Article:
Village Member Lisa Beade attends SURJ Car Rally 
Registrations Required for Virtual Programming

The Village Common continues to add virtual programming to our website’s calendar, and we have included links to outside organizations’ calendars. too. We welcome everyone’s participation and look forward to seeing folks online. However, please note that due to Zoom-bombing, we now require registration for online programs. Simply login as a member to register on the calendar or call a Service Coordinator at (401) 441-5240 for assistance. All non-members must call a Service Coordinator to register.

The Hummingbird Palace
By Sue Bayley
Photos by Sue Bayley
Photo right: Nori Duncan at the Hummingbird Palace

The Hummingbird Palace: you may have seen it in Lippitt Park, between Blackstone Boulevard and Hope Street, a bit south of where the summer Farmer’s Market can be found on Saturday mornings. You may have seen it but not realized it. It looks like something intentional, but what is the intention? It’s a tall circular form, a tangle of vines climbing up spires.

I first spotted it a couple of years ago, driving by on Hope Street, wondered what it was, drove on by, and promptly got distracted. This spring, The Providence Village received a call for volunteers who would like to help maintain the Hummingbird Palace during the growing season. I was curious, and I like hummingbirds, so I decided to at least check it out.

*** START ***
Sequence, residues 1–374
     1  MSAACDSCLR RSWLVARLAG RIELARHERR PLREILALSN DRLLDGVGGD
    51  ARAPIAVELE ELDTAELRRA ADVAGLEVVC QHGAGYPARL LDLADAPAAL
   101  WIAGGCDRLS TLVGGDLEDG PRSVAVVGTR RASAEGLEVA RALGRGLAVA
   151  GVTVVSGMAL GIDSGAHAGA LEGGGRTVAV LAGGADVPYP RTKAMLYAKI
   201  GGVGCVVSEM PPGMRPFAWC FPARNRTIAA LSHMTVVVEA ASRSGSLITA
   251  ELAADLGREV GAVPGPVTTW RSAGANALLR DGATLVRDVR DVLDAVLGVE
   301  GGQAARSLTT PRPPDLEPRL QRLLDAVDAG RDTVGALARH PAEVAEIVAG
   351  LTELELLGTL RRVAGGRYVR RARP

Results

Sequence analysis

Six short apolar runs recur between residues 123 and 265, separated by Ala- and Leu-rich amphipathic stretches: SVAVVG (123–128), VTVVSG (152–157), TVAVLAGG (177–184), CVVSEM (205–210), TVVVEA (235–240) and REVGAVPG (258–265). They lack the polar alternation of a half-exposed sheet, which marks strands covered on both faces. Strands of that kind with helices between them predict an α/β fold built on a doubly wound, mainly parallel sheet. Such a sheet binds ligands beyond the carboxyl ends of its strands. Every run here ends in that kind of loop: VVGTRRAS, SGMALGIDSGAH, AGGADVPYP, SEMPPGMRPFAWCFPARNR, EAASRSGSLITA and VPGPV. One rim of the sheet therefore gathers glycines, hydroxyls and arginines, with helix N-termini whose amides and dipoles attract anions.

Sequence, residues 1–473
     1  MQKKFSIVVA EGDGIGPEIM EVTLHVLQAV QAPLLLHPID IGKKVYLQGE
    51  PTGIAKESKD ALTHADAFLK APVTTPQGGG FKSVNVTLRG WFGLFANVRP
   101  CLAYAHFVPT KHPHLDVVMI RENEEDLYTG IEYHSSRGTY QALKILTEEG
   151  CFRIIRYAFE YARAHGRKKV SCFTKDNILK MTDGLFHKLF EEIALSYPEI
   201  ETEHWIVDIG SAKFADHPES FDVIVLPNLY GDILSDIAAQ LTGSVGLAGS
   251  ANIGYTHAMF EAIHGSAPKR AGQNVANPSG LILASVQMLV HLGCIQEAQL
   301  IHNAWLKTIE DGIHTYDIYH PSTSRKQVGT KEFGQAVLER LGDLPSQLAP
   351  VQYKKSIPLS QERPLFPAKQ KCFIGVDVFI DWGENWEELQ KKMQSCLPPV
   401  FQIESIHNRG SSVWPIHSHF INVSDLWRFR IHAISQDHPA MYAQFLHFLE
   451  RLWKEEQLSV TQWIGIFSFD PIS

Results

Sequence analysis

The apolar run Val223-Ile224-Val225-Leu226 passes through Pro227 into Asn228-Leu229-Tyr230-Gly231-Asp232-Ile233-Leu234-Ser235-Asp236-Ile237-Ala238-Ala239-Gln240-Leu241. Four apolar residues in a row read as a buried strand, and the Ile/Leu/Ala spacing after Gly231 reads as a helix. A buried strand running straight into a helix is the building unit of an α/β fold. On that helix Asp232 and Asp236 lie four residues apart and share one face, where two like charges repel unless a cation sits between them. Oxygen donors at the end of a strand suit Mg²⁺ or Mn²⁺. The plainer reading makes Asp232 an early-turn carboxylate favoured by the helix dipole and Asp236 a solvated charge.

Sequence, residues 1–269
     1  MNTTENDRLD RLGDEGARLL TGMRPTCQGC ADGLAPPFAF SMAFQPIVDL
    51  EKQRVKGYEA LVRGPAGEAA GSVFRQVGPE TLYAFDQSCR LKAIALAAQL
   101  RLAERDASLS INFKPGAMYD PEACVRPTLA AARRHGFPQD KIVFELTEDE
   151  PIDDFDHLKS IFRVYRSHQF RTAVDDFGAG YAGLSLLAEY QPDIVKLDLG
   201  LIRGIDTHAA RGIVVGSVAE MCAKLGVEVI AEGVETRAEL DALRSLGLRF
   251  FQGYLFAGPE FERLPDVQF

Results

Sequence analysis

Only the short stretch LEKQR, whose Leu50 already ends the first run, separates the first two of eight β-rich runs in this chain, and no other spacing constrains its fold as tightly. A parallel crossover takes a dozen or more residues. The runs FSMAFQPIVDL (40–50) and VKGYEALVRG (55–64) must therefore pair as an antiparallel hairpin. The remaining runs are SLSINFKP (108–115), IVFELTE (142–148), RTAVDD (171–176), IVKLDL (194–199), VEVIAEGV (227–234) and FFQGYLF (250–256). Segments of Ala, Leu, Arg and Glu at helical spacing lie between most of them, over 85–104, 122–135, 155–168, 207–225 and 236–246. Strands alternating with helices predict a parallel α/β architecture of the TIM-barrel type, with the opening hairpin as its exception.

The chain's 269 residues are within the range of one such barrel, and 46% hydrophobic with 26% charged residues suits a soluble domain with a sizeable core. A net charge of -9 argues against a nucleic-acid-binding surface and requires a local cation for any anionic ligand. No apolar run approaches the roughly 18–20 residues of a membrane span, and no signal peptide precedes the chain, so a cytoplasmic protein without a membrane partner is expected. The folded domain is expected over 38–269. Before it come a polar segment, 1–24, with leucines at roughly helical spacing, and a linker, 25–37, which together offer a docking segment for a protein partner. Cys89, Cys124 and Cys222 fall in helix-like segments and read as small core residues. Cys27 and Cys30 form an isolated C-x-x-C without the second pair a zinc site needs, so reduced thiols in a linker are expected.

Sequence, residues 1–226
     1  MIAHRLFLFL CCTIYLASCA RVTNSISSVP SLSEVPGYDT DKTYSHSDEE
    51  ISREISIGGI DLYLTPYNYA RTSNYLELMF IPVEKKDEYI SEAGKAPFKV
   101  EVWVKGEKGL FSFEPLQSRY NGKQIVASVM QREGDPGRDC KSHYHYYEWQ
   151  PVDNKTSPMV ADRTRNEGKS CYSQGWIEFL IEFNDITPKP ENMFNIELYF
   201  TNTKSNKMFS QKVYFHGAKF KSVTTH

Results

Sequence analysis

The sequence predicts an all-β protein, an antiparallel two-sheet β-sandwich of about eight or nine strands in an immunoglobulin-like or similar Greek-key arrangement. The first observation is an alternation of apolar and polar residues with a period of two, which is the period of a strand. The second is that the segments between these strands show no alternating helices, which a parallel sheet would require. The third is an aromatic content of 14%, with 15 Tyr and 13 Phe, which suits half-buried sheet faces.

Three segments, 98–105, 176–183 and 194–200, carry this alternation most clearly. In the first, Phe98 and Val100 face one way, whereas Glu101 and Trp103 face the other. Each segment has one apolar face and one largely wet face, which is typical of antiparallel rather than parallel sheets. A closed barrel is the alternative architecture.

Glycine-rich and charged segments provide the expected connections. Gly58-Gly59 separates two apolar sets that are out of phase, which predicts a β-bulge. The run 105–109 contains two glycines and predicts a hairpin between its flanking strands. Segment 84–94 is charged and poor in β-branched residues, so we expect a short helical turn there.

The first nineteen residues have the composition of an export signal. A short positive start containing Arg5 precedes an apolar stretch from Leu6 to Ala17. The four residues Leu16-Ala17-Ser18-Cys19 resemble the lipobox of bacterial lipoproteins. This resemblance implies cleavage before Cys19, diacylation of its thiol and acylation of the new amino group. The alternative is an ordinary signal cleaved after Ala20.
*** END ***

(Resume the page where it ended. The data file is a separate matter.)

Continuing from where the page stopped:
Here’s what I learned. Six years ago, artist Esther Solondz brought a vision to life, a place for hummingbirds to enjoy flowers and nectar, and for people to enjoy the hummingbirds. Esther created this graceful Victorian structure with red glass feeders to attract the hummingbirds, got permission to locate it in the park, planted brilliant red trumpet honeysuckle, and nourished her dream into the beautiful structure it is today. Nice work, Esther!

Over six years, the honeysuckle has enthusiastically covered the metal structure. Esther has guided it to assume the shape of the Palace, and provided sweet red nectar for the hummingbirds. She is assisted this summer season in filling the feeders by Patricia Becker and her daughter Jennifer Becker. Nori Duncan and Sue Bayley are official honeysuckle trimmers.

Countless numbers of birds and people appreciate and admire the Hummingbird Palace as it changes through the seasons.

If you can, please add to the HP story by volunteering to help with the project. Please email Esther at

Barrington Village Tech Help
By Frank J. Cummings